"Saith cath wen."

Translation:Seven white cats.

May 2, 2017


[deactivated user]

    I am beginning to understand soft mutations and feminine nouns. However, in this case, gwyn appears to have become wen (instead of the expected wyn). Can anyone explain why this is so?

    May 2, 2017

    • 1541

    All adjectives used to have masculine, feminine and plural forms.

    Very few of them still remain, in the case of white the forms are:- gwyn, gwen and gwynion.

    The feminine form of white is still used a little, especially in older folk songs eg 'ar lan y môr' and 'cyfri geifr' https://www.youtube.com/watch?v=B-4avghxDJY https://www.youtube.com/watch?v=LgsuJfghRuw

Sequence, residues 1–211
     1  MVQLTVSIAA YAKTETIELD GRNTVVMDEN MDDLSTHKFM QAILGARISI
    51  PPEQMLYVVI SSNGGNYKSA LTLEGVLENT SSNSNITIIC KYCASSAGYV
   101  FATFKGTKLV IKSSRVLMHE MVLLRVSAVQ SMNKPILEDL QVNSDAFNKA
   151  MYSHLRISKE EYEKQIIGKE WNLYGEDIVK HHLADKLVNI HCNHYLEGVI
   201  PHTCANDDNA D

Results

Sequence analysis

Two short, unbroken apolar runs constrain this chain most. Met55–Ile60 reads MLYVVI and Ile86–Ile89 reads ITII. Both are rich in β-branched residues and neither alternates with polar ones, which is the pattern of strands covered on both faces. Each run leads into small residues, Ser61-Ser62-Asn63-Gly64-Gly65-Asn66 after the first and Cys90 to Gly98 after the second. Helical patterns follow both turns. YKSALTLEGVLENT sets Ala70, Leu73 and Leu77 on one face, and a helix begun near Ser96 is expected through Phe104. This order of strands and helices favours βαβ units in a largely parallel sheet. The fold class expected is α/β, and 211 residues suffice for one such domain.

Cath is a feminine noun and thus its adjective mutates and so 'a red cat = cath goch; a black cat = cath ddu

    Thus 'a white cat' becomes 'cath wen' (feminine form of the adjective and lose the 'g' because of mutation)

    Another example would be 'a white star' = seren wen

    There are very few of them so no need to worry about learning a whole new category of adjectives.

    May 2, 2017

    [deactivated user]

      Thank you very much! That all helps a lot!

      May 3, 2017
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